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Acupuncture Points

There are 361 acupuncture points located along the fourteen regular meridians. These acupuncture points can have a positive effect on an individual’s health or medical condition through stimulation with acupuncture needles. These acupoints serve as a way of treating a broad range of medical disorders, common ailments and muscular-skeletal conditions. The choice of acupoints to be selected for treatment is decided using various methods. One method relies on the tenderness of  the acupoints. This method will quickly let the practitioner know what acupoints are in need of treatment. Another method of acupoint selection draws on the five element principles of TCM. Further study is required to understand this in more detail. For a more detailed diagnosis for acupoint selection, a full TCM diagnosis can also be taken.

Another more Western approach to selecting acupuncture points for treatment is known as symptomatic acupoint selection. Here, acupuncture points are selected according to what symptoms a patient has. All acupoints are known to have certain indications or symptoms for which they are known to be helpful for and are proven to have a positive effect upon generally. This method of acupuncture point selection is not as accurate as the more traditional method that utilises traditional Chinese medical diagnostic principles, but it does offer an alternative for those less experienced in TCM diagnosis with often surprisingly positive results. Acupuncture body points are categorised into various groups according to their function.

ancient-chinese-image

An ancient Chinese image illustrating acupoints

‘Ah Shi’ Points

‘Ah shi’ acupoints are tender spots that are often felt as nodules or slight swellings. ‘Ah shi’ actually translates to “ah yes”. An ‘ah shi’ point is a point that is sore or tender and sensitive to touch or pressure. When pressed, the patient may respond by saying ‘ah yes’, hence the name. These acupuncture points can occur almost anywhere in the muscles, facia and ligaments and are often felt at the same location as meridian acupressure points but not always.

The cause of ah shi points can be a result of an injury, continued tension or overwork to an area. This can cause local congestion of qi (chi) and blood which usually results in sore, tender spots almost anywhere on the body. These tender spots can also develop into palpable nodules which many massage therapists are well aware of.

‘Trigger’ Points

Trigger points are usually found in muscles. They are similar to ah shi points, as they too can be tender or painful when pressed. The main difference between trigger points and ah shi points is that when applying acupressure or acupuncture to a trigger point, any discomfort, pain or other sensation such as tingling or mild numbness for example, is referred to an area that is remote (not local) to the spot that is pressed. Therefore, the main difference between a trigger point and an ah shi point, is that ah shi points, if sore or tender, do not refer any sensation or discomfort away from the area being pressed. Any sensation from the stimulation of an ah shi point therefore remains close to that point being pressed or needled. This is the general rule of thumb however; as all acupuncture body points and areas can in fact be both ah shi points as well as trigger points, as the human body and various medical conditions have individual tendencies that are not set in stone!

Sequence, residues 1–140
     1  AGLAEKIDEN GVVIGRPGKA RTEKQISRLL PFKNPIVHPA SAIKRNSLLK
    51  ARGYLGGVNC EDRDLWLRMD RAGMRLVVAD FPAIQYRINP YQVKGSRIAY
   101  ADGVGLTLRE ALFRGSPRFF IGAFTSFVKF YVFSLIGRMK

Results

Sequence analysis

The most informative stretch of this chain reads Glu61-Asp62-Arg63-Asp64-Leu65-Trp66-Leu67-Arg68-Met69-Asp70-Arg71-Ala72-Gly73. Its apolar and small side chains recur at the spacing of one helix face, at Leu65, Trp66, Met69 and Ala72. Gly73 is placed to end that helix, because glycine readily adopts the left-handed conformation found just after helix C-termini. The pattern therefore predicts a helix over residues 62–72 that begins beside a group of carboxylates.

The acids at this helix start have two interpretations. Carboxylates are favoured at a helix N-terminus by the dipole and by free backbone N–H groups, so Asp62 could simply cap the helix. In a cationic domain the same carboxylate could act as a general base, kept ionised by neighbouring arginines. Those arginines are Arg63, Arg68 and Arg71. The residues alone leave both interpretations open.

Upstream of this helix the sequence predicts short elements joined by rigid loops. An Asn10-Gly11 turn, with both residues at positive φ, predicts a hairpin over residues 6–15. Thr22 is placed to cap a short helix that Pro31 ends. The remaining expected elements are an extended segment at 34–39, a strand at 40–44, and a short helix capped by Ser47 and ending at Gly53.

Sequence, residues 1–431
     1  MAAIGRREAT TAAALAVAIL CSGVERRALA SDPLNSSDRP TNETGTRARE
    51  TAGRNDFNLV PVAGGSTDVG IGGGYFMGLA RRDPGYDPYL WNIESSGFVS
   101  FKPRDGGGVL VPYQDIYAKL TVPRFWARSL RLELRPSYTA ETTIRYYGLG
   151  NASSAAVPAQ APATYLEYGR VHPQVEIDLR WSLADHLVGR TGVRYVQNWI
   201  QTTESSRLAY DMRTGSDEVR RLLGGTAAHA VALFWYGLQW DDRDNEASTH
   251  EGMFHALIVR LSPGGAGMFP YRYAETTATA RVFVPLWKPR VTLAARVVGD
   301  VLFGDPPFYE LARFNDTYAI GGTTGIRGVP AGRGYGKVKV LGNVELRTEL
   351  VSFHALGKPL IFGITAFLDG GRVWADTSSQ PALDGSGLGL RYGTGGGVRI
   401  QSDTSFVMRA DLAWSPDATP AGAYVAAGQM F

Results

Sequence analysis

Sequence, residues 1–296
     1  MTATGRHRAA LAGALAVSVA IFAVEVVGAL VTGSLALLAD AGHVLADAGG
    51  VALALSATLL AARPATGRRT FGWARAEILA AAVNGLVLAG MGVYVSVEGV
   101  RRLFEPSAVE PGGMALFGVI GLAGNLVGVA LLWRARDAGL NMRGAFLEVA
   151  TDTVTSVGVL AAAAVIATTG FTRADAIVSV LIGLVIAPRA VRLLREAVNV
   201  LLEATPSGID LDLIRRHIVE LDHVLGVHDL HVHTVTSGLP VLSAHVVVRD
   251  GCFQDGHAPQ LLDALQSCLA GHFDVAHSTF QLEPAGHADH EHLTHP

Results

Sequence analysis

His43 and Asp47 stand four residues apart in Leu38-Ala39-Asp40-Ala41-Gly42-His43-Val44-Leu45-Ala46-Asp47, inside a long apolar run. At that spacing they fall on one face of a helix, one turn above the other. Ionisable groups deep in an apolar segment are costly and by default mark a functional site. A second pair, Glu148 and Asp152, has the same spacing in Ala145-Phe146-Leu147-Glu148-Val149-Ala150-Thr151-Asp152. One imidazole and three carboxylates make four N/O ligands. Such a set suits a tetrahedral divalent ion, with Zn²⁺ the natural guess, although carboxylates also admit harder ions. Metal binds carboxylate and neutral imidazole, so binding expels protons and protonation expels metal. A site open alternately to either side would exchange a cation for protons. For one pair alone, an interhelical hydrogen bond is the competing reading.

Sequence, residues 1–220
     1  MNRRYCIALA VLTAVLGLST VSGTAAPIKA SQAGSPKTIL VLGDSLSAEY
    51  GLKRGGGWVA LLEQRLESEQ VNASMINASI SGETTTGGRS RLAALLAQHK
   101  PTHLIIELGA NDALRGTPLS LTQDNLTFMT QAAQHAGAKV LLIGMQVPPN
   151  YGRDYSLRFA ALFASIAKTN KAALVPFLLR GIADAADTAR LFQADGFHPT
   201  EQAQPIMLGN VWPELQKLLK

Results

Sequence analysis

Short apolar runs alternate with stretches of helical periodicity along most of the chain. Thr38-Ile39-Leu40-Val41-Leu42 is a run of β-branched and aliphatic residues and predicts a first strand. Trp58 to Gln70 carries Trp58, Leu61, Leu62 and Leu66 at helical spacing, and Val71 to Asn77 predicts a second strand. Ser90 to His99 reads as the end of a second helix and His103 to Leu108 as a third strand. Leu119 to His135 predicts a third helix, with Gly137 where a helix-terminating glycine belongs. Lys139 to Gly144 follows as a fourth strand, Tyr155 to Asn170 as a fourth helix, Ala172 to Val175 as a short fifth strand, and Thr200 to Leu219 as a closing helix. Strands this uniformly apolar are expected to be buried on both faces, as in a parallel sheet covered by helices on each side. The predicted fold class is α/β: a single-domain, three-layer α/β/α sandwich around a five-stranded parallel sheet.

All acupuncture points that are tender, whether they are trigger points, ah shi points or regular acupoints as located on one or more of the fourteen regular meridians are potentially in need of treatment. Finding these tender points can be extremely helpful as it not only identifies the acupoints in need of treatment, but also indicates to you their exact location.  As already mentioned, ah shi and trigger points can be found in the same location as the regular meridian acupoints, but also in other areas such as muscle, fascia and ligament that are not directly located on regular meridians.

‘Extra’ Acupoints

There are many ‘Extra’ acupuncture points that are not situated along any of the fourteen regular meridians. They are known to have specific functions and therapeutic effects for certain conditions or symptoms. They are often used as a supplementary measure alongside the more commonly selected meridian acupuncture body points.

Classifications

Generally speaking, acupuncture points fall into various categories or ‘classifications’ depending on their functions and qualities. Below is a list that will give you a good supply of acupoints for a wide range of symptoms, common ailments, and muscular-skeletal conditions. A lot can be achieved with these acupoints alone from both a Western and a Chinese medical perspective. In fact, the following acupuncture points are probably the most commonly used acupoints by acupuncturists generally.

Acupuncture Point Classifications

Front-Mu points

Back-Shu Points

Primary-Source Points

Influential Points

Command Points

Mother-Son Points